Establishing Realistic Goals in Training
With Guest Blogger, Chris Schnare
We have all done it, sitting there scrolling through Facebook or Instagram unable to help but be impressed with the feats of strength, picture perfect physiques or the abilities and physical skills of certain individuals. Many people are simply gifted athletes, have years of consistent hard work under their belt, or have the guidance of high-level professionals to teach them and help keep them on track. It really can be awe-inspiring!
The unfortunate part about this, is that it creates a slew of information, images, posts, etc. that can make it very easy to feel insecure or question the path that you are currently on as you work towards your own personal goals, whatever they may be. We are taught from a young age to try not to compare ourselves to others, yet it is becoming increasingly difficult to trust and feel secure with our own personal levels of fitness.
One major piece of advice I can give, is to take the things you see and read online with a grain of salt and realize that many times you are seeing only the “highlight reel,” as opposed to the full story, the background, or the years of consistent, hard work leading up to that moment.
With that being said, there are also some really great things that come from people sharing their success and we can learn a lot from those that do succeed on any level.
Here are a few ideas to consider when you are trying to establish a clear plan and work towards goals you set out for yourself:
- Base your expectation for results on YOU, not the abilities or performances of others
Perhaps you want to jump as high as your favourite basketball player, or maybe you want to reach a body composition that looks attractive to you, or perhaps your goal is to gain 10 pounds of muscle or add 50 pounds to your squat. The goal really doesn’t matter, as long as it is realistic for you.
These are all normal feelings, goals and desires, yet the problems start to come into play when you set your expectations off of the current abilities of others as opposed to taking a realistic look at where you are now and then making a clear game plan that involves setting small, attainable steps to move you closer to your end goal. We, as humans, thrive on success and use it to push ourselves through difficult times. Without those small wins to reflect on, the challenge can feel insurmountable.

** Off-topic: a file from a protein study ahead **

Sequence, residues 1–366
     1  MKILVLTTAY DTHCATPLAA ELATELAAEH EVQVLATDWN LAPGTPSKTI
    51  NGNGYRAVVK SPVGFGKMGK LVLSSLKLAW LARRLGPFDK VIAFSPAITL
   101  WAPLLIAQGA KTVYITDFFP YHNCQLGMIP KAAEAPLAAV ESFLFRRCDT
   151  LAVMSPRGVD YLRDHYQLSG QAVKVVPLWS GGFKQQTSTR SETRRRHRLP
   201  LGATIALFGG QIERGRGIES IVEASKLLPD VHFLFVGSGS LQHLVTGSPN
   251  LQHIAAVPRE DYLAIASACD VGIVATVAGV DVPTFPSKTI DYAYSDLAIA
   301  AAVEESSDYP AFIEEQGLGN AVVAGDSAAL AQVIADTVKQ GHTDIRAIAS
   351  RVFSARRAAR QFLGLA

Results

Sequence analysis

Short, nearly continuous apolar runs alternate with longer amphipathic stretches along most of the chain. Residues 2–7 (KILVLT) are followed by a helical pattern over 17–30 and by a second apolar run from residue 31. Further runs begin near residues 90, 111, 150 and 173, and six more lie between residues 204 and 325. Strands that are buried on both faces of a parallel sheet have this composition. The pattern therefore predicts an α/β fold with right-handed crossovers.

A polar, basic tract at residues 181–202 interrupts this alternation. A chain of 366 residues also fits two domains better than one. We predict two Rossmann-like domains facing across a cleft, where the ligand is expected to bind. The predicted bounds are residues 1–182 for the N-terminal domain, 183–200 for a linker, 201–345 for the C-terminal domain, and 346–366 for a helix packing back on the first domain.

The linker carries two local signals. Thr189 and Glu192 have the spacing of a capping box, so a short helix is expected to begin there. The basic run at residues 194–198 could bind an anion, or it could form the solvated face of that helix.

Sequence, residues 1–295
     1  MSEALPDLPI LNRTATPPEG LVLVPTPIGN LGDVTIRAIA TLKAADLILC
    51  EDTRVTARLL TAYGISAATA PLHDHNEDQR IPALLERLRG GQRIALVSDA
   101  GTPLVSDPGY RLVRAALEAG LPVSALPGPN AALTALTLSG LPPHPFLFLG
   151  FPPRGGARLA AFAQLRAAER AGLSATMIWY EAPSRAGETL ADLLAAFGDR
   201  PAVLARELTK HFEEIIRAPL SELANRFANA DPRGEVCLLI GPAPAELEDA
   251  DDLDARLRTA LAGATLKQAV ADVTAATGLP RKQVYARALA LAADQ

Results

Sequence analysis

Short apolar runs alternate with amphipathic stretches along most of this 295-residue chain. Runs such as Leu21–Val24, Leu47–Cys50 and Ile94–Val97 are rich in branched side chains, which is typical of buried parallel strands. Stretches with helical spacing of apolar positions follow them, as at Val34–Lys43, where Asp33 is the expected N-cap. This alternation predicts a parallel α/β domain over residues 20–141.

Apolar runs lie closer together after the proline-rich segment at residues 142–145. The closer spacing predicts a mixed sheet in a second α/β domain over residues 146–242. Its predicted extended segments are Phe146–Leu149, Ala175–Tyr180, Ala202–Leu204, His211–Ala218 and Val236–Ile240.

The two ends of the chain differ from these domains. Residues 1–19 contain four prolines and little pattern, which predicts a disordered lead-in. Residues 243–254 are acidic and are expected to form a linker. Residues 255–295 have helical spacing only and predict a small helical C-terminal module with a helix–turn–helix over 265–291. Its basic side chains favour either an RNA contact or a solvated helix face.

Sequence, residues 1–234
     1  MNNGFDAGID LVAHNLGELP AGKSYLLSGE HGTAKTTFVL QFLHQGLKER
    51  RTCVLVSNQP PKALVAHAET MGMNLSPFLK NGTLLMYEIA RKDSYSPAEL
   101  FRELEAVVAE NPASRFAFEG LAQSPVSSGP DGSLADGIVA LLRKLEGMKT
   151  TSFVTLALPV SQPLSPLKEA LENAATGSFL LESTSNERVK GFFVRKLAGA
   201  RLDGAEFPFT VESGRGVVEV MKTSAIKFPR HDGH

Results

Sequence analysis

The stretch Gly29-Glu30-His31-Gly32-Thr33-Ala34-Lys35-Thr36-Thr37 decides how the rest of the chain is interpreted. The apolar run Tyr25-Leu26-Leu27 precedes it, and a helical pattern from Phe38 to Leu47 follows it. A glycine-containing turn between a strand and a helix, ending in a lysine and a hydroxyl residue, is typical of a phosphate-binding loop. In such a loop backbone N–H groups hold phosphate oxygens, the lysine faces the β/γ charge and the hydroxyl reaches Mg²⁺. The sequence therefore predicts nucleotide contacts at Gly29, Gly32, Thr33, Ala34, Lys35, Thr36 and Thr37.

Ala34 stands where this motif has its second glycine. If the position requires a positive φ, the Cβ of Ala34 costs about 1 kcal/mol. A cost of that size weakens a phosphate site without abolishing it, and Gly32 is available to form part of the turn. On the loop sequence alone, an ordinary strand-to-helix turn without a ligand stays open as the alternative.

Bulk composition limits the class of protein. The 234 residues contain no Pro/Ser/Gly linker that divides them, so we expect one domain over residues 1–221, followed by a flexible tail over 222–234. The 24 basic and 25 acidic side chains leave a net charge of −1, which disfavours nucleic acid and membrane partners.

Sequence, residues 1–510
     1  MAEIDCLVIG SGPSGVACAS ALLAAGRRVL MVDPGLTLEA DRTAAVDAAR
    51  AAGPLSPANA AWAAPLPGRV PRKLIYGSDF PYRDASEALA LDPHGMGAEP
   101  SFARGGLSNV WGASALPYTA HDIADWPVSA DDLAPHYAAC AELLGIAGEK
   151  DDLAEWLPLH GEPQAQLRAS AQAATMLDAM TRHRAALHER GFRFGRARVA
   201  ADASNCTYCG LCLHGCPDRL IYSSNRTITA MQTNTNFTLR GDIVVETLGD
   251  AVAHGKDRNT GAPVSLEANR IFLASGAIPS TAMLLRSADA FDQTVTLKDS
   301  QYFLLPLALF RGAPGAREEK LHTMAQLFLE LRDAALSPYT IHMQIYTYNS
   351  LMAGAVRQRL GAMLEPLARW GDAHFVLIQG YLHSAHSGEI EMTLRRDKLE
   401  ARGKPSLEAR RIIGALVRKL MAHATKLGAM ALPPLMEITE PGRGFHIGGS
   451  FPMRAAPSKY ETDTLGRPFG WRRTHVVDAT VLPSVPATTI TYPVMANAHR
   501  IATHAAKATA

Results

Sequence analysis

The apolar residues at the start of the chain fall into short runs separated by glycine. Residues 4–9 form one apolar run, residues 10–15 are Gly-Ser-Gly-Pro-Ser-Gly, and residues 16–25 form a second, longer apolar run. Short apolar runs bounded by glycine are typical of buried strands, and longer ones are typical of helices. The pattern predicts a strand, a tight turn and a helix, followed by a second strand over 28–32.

- “If you can measure it, you can monitor it”
Once you decide what you want to achieve, identify a few easy to monitor metrics that will allow you to see if your plan is working, or even better, give you clarity on what to adjust if you are not moving in the right direction.
For weight loss, this may be monthly weight check ins (if that is your thing), it may be tracking all of your sets and reps in the gym and ensuring you are following some steady progressive overload, or it may be tracking your ability to go for a 1 minute further on your run.
The goal doesn’t matter, but being able to monitor your successes will give you black and white real time feedback that you can use to adjust your plan.
- Trust your decisions and don’t sway from the plan.
If there is one variable that has led to more success for more people than any other, it would be, consistency. Once a plan is in place, realistic goals are defined, and an identifiable measure of success is laid out, the real success-determining factor will always be consistency.
This may be consistently preparing food even when you don’t want to on a Sunday, or it may be getting a workout in even when you are exhausted from your day. Either way, your ability to consistently show up and put in the work will ultimately make the difference between long term success or failure.
Trust what you are doing and let time and success measuring guide your results. Try your best to avoid letting the outside world affect your process.
Show up, put in your time, measure success, and trust your plan.
Hopefully these quick concepts resonate with you. Be true to your goals, set them high, but be realistic and accountable when you lay them out. Your long-term success will depend on it.
Keep things simple!